Soliton | Think Not Whether The Serpent Exists, But What The Serpent Said


CaputoI can think of no better way to stretch my legs out over the Atlantic for 11 hours than flying with Pete. Like a couple of great insomniacs, we fell to talking some theology, which knocked out the 5 rows around us in no time. I think BA might actually contract us for overnight flights, or produce some sort of video channel to help people get some sleep.

We tried to watch Blades of Glory, but the system broke. There is a God. Perhaps…. which put us back to the God-talk.


One of the interesting things Pete was setting out, one of very many, was the idea that actually proving that God exists is a dead-end topic for theologians. It can’t be done, so needs to be left undone. Pete quotes Barth, who was asked “So, did the serpent physically speak in the Genesis narrative?”, to which he replied “The question is not whether the serpent spoke. The real question is what the serpent said.”

In the usual argument over whether God ‘intervenes’ in our world, people who have doubted this have drawn two conclusions:

1. There is no God, and thus no intervention is possible, or

2. There may be a God, but this God doesn’t intervene. He’s set the world running, and stepped away.

Dr. Peter J. Rollins Ph.D* (not Caputo as I erroneously mentioned), of whom Pete is a big fan, argues that there is a 3rd option:

3. Intervention has definitely occurred in my life, but there may not be a God.

So the question thus becomes: let’s take the fact that I experience some sort of intervention in my life seriously, but not get bogged down in the unanswerable question of whether God physically intervened. Instead, what does this intervention say to me? This helpfully takes us away from having to work out exactly how God might have intervened – an argument we cannot make sensible progress on – and forces us to focus on the actual intervention itself. I know I have experienced love here… what impact does that have on how I’m going to live?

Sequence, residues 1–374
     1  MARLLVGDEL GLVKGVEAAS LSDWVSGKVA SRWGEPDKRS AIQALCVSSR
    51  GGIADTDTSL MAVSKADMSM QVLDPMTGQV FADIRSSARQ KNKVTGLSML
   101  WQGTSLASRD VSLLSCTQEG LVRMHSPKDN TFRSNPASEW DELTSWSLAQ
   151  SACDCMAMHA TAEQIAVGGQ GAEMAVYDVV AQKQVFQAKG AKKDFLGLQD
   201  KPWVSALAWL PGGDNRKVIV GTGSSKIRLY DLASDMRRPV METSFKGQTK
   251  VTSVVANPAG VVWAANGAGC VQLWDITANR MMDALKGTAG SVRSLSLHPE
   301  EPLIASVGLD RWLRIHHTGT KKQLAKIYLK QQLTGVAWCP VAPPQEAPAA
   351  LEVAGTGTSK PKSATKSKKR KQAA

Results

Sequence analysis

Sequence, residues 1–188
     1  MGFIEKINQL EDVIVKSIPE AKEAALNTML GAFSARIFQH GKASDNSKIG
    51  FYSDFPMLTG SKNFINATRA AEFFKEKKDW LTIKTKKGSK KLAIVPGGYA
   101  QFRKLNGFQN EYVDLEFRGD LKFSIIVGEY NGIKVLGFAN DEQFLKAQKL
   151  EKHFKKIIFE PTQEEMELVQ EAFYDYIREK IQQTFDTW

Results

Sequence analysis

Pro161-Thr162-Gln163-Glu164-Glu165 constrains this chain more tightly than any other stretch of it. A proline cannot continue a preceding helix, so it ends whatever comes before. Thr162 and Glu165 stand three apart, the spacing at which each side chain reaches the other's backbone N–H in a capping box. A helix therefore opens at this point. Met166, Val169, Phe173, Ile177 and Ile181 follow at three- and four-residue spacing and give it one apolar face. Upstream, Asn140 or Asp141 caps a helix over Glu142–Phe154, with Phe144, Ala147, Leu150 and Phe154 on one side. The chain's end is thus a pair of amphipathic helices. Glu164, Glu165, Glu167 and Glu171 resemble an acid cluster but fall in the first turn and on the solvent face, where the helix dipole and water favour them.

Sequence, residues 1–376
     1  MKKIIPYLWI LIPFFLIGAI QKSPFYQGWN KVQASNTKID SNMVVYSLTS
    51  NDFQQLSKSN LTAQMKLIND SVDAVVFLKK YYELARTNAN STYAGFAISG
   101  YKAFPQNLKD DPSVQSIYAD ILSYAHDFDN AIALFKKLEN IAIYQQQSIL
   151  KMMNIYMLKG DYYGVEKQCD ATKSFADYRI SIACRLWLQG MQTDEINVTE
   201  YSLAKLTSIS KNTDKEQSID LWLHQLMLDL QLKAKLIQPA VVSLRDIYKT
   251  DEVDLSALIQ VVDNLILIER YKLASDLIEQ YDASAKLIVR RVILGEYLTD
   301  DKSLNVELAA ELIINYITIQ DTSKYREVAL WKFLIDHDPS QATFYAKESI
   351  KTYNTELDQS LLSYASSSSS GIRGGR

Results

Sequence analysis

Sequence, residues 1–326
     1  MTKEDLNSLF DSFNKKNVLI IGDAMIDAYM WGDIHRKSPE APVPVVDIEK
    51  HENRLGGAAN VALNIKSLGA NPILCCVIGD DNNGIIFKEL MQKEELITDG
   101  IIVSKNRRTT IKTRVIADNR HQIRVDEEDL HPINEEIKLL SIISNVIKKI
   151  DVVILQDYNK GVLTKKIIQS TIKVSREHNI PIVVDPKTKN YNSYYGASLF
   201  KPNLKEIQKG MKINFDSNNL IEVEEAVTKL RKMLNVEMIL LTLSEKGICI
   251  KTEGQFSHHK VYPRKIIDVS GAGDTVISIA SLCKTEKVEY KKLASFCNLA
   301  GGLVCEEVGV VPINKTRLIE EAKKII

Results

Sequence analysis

* Ph.D’s are, according to the man himself, as Doctors of Philosophy, the ‘only true doctors.’ Medical doctors, in particular, are singled out by him as charlatans.


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8 responses to “Soliton | Think Not Whether The Serpent Exists, But What The Serpent Said”

  1. if we ask ourselves how to be intervening love on another’s life and our own, it opens the rigid qualifiers we have put around that action. To endlessly debate the why of God we avoid our fear.

  2. this is really great stuff!!! Thank you so much!!!

  3. barry taylor

    I couldn’t agree more with Pete on this one–as a big fan of Caputo myself, I think the ‘third’ option he puts forward is a way to move theological conversation forward, or at least into vital territory that needs attention–I think we have to find ways to break out of the binary oppositions that have shaped the theological enterprise for so many years–they generally aren’t helpful these days and looking for new ways to put things is a great beginning –see you later this week

  4. Agreed. Look forward to it!

  5. Kester – this ties in with the work I did refuting the New Atheists – in particular, check out Francis Collins, “The Language of God” and Joan Roughgarden, “Evolution and Christian Faith.”

  6. Love it, love Pete’s stuff, but hope he doesn’t get sick.

  7. Kester – how does Pete’s thrid option relate to “intervention has definitely occurred in my life, there may not be a God, but what has happened to me seems sort of like stuff that happened to some people in the Bible, so by faith I’m going to believe that this intervention was by God, but hey I can’t prove it”.

  8. What an absurd title for a book that is supposedly about God?